If we consider the various episodes of The Adventures of Huckleberry Finn that feature groups in action, we will see many examples of the folly of "collective thinking" or group action.
It is a group that goes around looking for a dead Huckleberry Finn early in the novel, firing off a canon to bring his body up from the river. Collectively, the town seems to "know" that Huck is dead. Huck feels no danger of being discovered by "the town" but he is very afraid of being found out by individuals who may be lurking on the island. This episode suggests a commentary on the intelligence or the tendency to achieve insight of a group (as opposed to an individual).
In the case of the feuding families, we see a similar commentary but this time it is one skewed toward moral insights. There, individuals are capable of falling in love across family lines yet the groups (the families) are incapable of recognizing the arbitrary nature of their continued dispute. Once the dispute becomes historic, it is essentially only founded on a difference in last names. Individuals (Sophia and Harney) are able to get past this formal difference and see each other as capable of love and companionship.
The cowardice of collective (or mob) action is explicitly dealt with in Chapters XXI and XXII, where Sherburn kills Bogs then diffuses a mob with a strongly worded speech. There a single man stands up to a crowd of townspeople and has a victory in the conflict because of his moral strength, which is greater than that of the gathered group of cowards who would not act individually.
Many more examples crop up in the novel where individuals are able to swindle, manipulate or outsmart the group.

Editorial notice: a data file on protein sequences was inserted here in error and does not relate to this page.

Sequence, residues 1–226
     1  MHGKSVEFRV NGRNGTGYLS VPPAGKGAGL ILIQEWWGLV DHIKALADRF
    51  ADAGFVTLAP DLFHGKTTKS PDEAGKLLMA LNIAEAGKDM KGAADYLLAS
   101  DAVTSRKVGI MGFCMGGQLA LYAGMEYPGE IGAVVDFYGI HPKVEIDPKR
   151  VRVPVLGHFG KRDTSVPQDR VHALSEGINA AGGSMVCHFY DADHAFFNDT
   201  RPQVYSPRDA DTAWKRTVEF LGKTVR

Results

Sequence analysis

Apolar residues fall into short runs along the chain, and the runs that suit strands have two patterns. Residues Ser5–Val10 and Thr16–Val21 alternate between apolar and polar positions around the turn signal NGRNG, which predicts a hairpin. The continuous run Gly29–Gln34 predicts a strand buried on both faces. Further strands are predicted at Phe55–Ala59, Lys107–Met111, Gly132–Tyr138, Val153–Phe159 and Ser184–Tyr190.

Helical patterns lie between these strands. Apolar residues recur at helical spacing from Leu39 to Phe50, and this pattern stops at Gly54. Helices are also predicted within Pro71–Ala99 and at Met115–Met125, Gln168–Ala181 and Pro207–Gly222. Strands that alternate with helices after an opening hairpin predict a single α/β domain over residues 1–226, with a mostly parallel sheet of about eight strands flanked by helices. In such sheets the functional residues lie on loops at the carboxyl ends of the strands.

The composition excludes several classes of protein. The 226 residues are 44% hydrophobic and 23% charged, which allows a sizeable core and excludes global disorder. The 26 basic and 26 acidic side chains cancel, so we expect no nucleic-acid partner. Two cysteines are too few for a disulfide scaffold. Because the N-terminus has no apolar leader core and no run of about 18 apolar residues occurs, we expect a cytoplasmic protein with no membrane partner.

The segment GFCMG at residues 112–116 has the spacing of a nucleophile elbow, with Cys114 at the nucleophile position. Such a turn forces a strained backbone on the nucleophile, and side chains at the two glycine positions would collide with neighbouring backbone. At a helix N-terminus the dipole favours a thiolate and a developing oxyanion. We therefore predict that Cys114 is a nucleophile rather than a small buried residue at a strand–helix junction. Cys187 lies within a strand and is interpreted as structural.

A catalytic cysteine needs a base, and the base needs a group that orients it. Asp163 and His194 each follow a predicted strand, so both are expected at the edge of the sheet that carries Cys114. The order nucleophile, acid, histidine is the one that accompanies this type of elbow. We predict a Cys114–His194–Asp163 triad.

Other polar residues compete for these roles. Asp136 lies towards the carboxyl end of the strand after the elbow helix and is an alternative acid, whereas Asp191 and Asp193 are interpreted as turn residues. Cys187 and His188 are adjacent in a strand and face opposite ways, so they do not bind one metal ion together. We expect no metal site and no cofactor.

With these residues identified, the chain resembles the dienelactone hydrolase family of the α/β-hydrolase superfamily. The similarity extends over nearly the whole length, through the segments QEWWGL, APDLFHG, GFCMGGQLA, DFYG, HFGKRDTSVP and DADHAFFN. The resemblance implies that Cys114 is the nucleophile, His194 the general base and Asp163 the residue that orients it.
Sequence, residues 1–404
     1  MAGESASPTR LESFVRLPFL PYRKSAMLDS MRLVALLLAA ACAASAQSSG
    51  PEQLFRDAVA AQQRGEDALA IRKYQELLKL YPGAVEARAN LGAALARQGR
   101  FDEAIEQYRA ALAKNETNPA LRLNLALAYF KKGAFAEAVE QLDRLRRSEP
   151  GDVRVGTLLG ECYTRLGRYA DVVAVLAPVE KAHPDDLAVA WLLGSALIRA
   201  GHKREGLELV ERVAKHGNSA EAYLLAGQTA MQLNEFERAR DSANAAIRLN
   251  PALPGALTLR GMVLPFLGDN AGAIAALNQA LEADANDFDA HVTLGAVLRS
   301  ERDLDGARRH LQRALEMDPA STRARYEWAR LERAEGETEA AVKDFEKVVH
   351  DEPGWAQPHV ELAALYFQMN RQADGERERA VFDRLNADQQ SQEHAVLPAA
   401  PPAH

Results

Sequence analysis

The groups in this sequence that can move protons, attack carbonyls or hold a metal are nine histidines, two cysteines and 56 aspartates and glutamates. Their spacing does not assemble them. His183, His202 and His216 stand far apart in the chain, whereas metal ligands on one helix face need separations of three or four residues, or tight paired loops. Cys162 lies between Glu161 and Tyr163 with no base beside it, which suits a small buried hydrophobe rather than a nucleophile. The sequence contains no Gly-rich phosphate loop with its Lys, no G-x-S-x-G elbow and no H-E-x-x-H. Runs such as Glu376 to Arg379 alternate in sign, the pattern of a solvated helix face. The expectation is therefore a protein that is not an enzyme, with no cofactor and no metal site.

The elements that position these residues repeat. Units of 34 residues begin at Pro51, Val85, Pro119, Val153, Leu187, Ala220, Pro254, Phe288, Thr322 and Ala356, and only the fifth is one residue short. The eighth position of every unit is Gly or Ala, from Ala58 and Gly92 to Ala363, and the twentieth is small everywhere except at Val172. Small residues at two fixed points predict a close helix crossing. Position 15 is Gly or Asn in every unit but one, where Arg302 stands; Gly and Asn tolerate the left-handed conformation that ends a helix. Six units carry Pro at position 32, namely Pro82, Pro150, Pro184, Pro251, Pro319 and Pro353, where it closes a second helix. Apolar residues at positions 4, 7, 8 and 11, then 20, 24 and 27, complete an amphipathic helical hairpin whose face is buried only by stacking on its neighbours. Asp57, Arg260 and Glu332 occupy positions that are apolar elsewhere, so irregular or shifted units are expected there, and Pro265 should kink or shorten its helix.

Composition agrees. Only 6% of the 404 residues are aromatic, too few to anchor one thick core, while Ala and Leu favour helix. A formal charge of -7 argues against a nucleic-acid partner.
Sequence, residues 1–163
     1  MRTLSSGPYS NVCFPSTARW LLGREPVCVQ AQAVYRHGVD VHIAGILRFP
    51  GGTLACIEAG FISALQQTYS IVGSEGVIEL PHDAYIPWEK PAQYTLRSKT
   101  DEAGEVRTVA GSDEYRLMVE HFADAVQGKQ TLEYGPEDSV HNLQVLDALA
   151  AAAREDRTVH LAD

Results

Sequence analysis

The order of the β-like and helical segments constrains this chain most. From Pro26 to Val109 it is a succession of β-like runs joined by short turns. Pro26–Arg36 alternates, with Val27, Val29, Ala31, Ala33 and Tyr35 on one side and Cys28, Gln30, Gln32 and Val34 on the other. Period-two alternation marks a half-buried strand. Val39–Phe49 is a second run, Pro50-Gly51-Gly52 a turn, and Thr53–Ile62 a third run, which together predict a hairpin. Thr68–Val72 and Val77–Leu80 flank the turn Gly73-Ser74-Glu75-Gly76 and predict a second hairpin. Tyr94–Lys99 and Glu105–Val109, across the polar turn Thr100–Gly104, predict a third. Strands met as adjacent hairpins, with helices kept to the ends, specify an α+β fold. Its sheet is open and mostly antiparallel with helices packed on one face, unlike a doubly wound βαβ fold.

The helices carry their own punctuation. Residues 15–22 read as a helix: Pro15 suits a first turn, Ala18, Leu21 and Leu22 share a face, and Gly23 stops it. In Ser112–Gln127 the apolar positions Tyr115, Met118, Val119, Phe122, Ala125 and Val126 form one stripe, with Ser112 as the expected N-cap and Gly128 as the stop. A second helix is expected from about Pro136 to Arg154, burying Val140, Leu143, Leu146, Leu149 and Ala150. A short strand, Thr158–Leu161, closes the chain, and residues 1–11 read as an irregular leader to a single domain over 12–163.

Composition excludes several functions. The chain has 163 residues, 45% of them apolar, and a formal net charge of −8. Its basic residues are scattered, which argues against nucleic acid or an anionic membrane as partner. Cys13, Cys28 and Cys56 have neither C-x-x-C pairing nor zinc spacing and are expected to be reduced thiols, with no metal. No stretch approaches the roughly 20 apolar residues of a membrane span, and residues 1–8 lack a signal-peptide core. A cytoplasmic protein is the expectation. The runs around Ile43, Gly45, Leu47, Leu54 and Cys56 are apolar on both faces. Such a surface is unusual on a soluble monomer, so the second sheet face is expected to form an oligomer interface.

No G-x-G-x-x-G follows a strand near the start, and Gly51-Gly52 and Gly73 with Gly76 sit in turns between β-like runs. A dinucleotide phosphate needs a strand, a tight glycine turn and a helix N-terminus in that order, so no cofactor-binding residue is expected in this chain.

Of course, the novel's most pointed commentary on individual man versus collective man comes in Huckleberry Finn's story. Huck battles against his conscience, which has been developed over his lifetime and imbued with notions of racism, dehumanizing ideas, false righteousness, etc. The formality of Huck's views, described always as categorical and unbending, are the product of collective thinking (e.g., society).
If Huck were to agree with the morality of collective man, he would have to turn Jim over to the authorities so that he could be returned, as property, to Miss Watson. Huck instead chooses to perform an act of great moral strength and courage and chooses to help Jim maintain his freedom and achieve permanent liberty by escaping the region.
It was a close place. I took it up, and held it in my hand. I was a-trembling, because I'd got to decide, forever, betwixt two things, and I knowed it. I studied a minute, sort of holding my breath, and then says to myself:
“All right, then, I'll go to hell”—and tore it up.
Put another way, Huck's conflict becomes a commentary on morality versus the law.
"If breaking the civil law is a sin, resulting in his eternal condemnation, he is willing to accept it. He chooses moral law and refuses to betray his friend. Huck chooses love over law" (eNotes).
Although Huck has been raised in a culture that equates religious law with civil law (so that it would be a sin to help Jim escape to become something other than someone's property), the individual realizes that there is another level of moral reasoning to consider. There is a deeper obligation for the individual than that of adhering to society's norms. One must do what one feels is right.
This precept speaks directly to the idea that the individual bears a moral power that is at least equal to the moral power of any group, if not greater. Also, this idea indicates a philosophical conclusion that suggests that those who would take shelter in the collective and so attempt to evade moral responsibilities are often acting immorally. Only when one takes responsibility to weigh questions of right and wrong can one be said to be acting morally. This can only happen on an individual level.